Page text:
Please visit www.lincolnshireshowground.co.uk or call 01522 522900 for further details.
Police are investigating an incident of theft by finding along with a subsequent incident of fraud.
They believe a wallet was found on 30 September at Morrisons on Uffington Road in Stamford. The cards were then used to make two contactless purchases.
They would like to speak to the man pictured in connection with the incident.
If you have information, please contact them in one of the following ways, with information for the attention of investigating officer PC Scott Boyce:
- By calling 101 quoting the reference number 19000524099 .
- By emailing firstname.lastname@example.org – please remember to put the reference number in the subject box;
- You can also contact us through the independent charity Crimestoppers, anonymously, on 0800 555 111 or online at crimestoppers-uk.org
Thursday 28th November – Sunday 1st December
Our biggest ever Christmas Fair, with the special Angel Fair, will offer a unique opportunity to find perfect gifts in the beautiful Elizabethan surrounding of the Chestnut Courtyard and Brewhouse. Wander amongst the chalets, heated marquees and Fine Food Market and enjoy the perfect Christmas shopping opportunity in the festive surroundings of Burghley. The Fair runs from 9:30am – 4pm (3pm on Sunday).
During the Christmas Fair our Christmas Shop will once again pop-up offering Christmas bargains and the Orangery Restaurant will be open. (Please note that the Orangery will not be taking bookings for tables while the Fair is running. Guests are welcome to find a table but there may be extended waiting times due to higher visitor numbers.)
Admission is free. Parking is £10 per car.
This year the fair is being run in association with The Angel Fair to raise money for charity.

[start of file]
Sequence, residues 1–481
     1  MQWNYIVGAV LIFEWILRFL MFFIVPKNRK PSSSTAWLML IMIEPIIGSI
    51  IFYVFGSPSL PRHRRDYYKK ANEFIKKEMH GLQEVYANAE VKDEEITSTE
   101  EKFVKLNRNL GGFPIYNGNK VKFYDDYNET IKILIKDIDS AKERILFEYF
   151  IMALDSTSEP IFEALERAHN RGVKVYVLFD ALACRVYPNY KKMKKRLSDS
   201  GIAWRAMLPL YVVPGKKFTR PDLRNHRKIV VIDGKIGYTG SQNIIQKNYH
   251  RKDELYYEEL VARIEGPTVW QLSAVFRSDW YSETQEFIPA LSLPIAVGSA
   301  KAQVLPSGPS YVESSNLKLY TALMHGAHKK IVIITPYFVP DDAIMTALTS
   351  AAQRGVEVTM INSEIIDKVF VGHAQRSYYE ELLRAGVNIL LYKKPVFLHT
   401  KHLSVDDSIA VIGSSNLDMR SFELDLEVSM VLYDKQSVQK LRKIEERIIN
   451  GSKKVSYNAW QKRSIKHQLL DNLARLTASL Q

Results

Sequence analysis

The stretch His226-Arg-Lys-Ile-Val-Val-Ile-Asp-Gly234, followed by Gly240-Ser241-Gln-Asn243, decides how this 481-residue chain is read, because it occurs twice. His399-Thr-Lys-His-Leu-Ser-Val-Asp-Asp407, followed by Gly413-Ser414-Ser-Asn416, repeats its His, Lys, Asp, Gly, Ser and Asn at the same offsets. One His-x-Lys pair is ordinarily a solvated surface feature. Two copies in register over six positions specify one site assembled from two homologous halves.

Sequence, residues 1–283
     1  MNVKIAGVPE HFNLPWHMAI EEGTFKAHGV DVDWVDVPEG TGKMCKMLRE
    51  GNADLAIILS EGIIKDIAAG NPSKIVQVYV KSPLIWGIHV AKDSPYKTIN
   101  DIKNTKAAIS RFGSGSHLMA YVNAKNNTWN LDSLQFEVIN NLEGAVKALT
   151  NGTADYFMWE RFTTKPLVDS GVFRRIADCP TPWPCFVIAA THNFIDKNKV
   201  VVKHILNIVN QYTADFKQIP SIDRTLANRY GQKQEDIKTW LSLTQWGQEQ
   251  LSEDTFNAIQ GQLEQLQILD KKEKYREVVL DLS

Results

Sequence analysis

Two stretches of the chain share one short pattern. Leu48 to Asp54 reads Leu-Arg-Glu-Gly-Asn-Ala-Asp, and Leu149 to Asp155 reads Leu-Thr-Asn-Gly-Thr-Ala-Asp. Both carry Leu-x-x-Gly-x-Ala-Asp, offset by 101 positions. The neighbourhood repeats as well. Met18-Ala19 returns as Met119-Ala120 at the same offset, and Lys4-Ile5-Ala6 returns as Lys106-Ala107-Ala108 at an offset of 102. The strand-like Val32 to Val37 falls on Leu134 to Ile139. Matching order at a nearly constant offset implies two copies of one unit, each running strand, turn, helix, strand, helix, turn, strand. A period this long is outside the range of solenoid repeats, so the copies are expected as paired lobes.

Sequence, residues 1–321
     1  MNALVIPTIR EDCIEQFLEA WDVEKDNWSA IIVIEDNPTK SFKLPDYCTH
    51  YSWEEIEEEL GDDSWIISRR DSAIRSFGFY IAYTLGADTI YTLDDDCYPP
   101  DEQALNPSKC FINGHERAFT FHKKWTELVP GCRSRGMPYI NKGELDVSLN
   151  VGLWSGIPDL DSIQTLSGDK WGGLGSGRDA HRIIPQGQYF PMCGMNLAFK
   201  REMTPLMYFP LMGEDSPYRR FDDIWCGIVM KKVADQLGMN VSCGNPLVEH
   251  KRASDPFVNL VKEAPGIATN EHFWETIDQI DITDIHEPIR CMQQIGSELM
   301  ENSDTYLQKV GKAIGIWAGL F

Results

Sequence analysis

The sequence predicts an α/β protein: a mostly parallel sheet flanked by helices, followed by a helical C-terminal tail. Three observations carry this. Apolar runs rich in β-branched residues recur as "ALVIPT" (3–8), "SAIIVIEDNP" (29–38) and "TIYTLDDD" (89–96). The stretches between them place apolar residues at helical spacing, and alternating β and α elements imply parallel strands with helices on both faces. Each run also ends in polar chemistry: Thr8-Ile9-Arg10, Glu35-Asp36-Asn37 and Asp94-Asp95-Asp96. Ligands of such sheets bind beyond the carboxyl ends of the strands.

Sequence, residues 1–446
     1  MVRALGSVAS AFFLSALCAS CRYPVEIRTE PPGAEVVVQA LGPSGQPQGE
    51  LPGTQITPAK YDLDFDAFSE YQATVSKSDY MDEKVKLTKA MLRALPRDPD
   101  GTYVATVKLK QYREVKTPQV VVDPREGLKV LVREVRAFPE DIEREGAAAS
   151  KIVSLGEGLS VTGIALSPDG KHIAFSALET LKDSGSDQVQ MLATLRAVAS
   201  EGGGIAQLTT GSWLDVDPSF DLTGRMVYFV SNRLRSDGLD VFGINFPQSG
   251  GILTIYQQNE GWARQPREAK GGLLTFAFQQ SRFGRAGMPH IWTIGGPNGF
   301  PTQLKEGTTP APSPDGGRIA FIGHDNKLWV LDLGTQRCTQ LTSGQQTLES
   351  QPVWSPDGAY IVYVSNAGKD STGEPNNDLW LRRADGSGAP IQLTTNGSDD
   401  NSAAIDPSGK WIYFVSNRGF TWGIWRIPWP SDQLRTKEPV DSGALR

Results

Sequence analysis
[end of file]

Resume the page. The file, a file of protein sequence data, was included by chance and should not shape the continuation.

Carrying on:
To see a full list of our exhibitors please click here.
Staff from Ward 5B at Pilgrim Hospital, Boston have received a prestigious award for the way they support unpaid carers.
The ward, which is part of the hospital’s innovative integrated surgical unit, looks after vascular patients and has received the Lincolnshire Carers Quality Award.
The award recognises organisations that place a high value on the identification, views and needs of carers and is given to those teams that meet the criteria for ensuring a high quality standard of service.
Lincolnshire charity ‘Every-One’, which is funded by Lincolnshire County Council, manages the award and worked closely with staff on 5B to gain their accreditation. Julie Goy, Quality Development Lead for ‘Every-One’, presented the award to the staff team, including ward Carer Champion Claire Games, at a presentation on the ward.
“It’s been a pleasure working with the staff to support them to achieve this award,” said Julie.
“It really demonstrates a commitment to the support of unpaid carers and we congratulate the ward staff team on their dedication and achievement.”
United Lincolnshire Hospitals NHS Trust (ULHT) Patient Experience Manager, Sharon Kidd, added: “It’s really good to see another ward achieve their accreditation.
“I am so proud of the work we do to support carers and especially proud of the work that the Ward 5B team has done to raise awareness of the unpaid carers for our patients within their team.”
A vulnerable missing person is now safe thanks to a Lincolnshire Police dog.
The woman was stuck in marsh land near Sleaford until Police Dog Prince found her: